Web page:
When our Lord began His ministry, He commenced it with these words, “Follow me and I will make you fishers of men” (Mark 1:17). When He finished His ministry, He concluded it as He echoed these words, “Go therefore and make disciples of all nations, baptizing them in the name of the Father and Son and the Holy Spirit, teaching them to observe all that I have commanded you” (Matthew 28:19-20). That, by the way, was not a suggestion but a commandment. Interesting. He said if we follow Him He will make us something. Not more disciplined, not more spiritual, not more organized, not a better spouse or student, but, “I will make you fishers of men.” So in the average American church, why are baptisms down and few salvation conversions taking place? May I suggest three reasons:
1. We have made discipleship optional, not essential.
If you asked the average church member to define discipleship you would probably get one of two answers. We define discipleship by “what he knows.” Information. Have the right answers. Taking the right hermeneutical classes. The second way we define discipleship is by “what he does.” Conformation. A system of teaching people to “commit” to doing the right things and not doing the wrong things. Surely if we are not doing bad things and commit to doing right things, and we have a lot of biblical knowledge, we must, by our American definition, be a good disciple. But discipleship is not living for Jesus. It’s not knowing a lot about Jesus. It’s not committing to Jesus. It is dying with Jesus. Galatians 2:20 says, “I am crucified with Christ, nevertheless I live, yet not I but Christ liveth in me: And the life which I now live in the flesh, I live by the faith of the Son of God who loved me, and gave Himself for me.” Jesus took my life from me, to give His life to me, so He could live His life through me.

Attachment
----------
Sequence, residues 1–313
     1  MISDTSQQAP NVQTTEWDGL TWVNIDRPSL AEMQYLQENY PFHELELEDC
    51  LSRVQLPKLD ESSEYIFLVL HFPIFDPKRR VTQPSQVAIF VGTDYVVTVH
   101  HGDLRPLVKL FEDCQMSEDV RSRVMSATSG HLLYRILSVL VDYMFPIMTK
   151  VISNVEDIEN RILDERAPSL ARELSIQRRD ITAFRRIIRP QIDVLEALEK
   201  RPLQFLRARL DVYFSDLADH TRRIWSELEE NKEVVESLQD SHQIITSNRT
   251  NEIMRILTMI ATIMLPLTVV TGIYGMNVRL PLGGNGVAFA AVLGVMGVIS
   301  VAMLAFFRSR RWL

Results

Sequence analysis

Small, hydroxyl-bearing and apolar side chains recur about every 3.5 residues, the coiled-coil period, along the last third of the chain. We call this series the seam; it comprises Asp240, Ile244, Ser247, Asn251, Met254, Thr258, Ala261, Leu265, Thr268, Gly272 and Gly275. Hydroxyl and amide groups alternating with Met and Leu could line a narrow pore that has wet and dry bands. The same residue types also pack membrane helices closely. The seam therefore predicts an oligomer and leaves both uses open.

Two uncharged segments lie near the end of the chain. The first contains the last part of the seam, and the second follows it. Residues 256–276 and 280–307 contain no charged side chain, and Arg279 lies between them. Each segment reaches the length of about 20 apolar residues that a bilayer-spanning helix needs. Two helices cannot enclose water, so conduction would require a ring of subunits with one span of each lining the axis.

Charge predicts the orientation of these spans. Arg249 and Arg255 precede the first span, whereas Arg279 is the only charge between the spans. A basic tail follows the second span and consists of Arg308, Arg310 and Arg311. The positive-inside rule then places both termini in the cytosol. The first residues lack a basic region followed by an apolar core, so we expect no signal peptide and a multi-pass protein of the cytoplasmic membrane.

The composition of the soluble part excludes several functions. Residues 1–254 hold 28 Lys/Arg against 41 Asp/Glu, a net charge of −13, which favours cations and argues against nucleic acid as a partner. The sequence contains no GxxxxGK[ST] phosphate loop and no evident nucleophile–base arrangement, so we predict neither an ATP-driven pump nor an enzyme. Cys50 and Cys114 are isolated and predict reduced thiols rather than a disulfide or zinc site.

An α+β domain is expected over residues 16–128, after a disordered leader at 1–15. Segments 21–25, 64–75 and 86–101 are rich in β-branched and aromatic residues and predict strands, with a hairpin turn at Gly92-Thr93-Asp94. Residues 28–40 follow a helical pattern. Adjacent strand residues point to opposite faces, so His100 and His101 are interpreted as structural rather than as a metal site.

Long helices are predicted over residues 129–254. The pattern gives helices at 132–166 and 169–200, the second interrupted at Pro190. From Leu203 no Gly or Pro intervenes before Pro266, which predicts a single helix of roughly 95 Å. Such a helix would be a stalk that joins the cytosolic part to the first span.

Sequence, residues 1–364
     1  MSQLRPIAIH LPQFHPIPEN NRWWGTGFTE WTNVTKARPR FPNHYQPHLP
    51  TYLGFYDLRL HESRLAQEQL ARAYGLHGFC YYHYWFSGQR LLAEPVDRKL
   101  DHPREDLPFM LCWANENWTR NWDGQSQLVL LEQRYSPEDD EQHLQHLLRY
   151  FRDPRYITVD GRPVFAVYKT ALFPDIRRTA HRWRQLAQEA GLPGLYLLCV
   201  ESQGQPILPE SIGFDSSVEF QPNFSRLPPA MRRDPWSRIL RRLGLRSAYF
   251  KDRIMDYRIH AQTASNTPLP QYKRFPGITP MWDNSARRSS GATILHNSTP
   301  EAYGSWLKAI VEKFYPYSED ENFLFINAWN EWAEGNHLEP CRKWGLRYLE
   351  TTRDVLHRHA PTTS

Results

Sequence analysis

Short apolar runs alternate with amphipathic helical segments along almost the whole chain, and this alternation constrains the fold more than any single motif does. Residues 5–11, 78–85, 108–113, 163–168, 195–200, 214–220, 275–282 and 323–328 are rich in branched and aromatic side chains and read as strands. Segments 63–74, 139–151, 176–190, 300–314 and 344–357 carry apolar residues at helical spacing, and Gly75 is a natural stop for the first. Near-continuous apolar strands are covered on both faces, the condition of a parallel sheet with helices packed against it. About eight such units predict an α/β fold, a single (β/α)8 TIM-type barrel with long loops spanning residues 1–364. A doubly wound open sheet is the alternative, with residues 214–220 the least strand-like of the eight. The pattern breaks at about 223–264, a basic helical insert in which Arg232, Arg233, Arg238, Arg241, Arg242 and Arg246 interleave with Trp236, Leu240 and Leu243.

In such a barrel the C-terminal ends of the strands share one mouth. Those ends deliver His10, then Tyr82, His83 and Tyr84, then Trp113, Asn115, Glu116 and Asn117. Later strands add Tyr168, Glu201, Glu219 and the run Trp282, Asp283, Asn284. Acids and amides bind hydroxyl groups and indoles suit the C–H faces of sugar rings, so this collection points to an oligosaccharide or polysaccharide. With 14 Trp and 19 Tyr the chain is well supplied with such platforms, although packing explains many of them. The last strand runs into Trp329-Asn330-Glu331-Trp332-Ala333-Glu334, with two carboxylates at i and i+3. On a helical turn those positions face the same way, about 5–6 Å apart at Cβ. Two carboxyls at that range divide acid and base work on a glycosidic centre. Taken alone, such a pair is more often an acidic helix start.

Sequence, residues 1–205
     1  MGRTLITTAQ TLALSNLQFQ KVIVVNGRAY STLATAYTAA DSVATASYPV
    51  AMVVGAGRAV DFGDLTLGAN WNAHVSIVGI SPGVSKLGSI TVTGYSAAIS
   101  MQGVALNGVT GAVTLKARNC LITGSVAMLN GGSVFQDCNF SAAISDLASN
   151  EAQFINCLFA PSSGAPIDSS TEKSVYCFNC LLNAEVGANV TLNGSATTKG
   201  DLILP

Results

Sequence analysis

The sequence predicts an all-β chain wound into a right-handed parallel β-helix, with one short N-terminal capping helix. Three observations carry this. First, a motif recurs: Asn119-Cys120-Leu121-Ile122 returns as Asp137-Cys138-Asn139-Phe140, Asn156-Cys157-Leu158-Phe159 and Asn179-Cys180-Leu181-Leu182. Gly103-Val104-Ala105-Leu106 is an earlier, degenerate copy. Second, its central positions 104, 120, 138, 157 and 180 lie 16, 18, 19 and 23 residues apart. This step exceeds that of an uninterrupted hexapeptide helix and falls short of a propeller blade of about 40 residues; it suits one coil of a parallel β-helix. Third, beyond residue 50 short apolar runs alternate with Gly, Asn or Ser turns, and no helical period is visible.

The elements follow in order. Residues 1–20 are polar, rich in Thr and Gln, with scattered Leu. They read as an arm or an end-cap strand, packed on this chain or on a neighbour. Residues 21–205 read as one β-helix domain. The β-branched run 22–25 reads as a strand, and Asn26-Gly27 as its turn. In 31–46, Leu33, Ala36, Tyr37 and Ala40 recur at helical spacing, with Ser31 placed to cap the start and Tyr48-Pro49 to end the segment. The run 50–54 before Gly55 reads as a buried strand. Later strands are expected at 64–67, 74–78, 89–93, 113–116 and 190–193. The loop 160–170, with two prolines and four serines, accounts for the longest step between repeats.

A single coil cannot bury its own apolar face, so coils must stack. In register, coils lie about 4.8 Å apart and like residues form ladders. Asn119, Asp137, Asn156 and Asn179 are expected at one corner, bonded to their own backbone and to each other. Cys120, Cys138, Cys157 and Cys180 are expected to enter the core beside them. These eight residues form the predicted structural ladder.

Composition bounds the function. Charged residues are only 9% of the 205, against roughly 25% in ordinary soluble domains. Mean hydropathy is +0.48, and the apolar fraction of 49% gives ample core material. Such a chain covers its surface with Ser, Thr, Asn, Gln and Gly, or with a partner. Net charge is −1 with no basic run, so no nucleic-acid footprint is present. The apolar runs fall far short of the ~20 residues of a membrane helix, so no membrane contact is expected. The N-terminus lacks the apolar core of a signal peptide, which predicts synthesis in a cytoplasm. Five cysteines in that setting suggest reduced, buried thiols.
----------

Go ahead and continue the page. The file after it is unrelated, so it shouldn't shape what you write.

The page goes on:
Discipleship isn’t a class. It isn’t optional training. It isn’t for the super spiritual in our churches. It is for every follower of Jesus Christ. It is essential. Instead of growing our churches, what if we were more concerned with making disciples in the cities. And we reached our cities with the Gospel. Instead of talking about “getting them in,” what if we talked about “sending them out?”
2. We have made the Gospel a presentation, not a conversation.
In Acts 4, Peter and John said, “For we cannot but speak of what we have seen and heard.” They were saying, “We’ve seen something. We have heard something. We must say something.” A witness tells what he has seen and heard. How did we make sharing good news so convoluted? It’s not for those who have had the “class.” It’s not reserved for those who are the elite in our churches. We have reduced witnessing to a night in our church. To a special group of spiritual Green Berets. We must have the presentation down. When was the last time you had a Gospel conversation with a neighbor, a good friend, a family member or a co-worker? It is a conversation, not a presentation.
3) We have convinced ourselves we are still following, even though we are not fishing.
Listen, outreach isn’t visiting people who have visited our church. That should happen and that is good, but let’s not convince ourselves we are doing outreach. That’s in-reach. Outreach is every follower fishing for the souls of men, and in the words of Jesus in Luke 5, “to catch men.” Literally, “Rescuing them. Liberating them to life.” It’s pretty simple. I believe evangelist Dawson Trotman said it the best, “If we’re not fishing it means one thing, we’re not following.” Ouch!
Let’s be followers. Let’s be disciple makers. Let’s be fishers of men. It’s not optional, but essential. The Gospel is a conversation, not a presentation. If we are following, the proof is we’ll be fishing.
Ken Whitten is senior pastor of Idlewild Baptist Church in Lutz, Fla.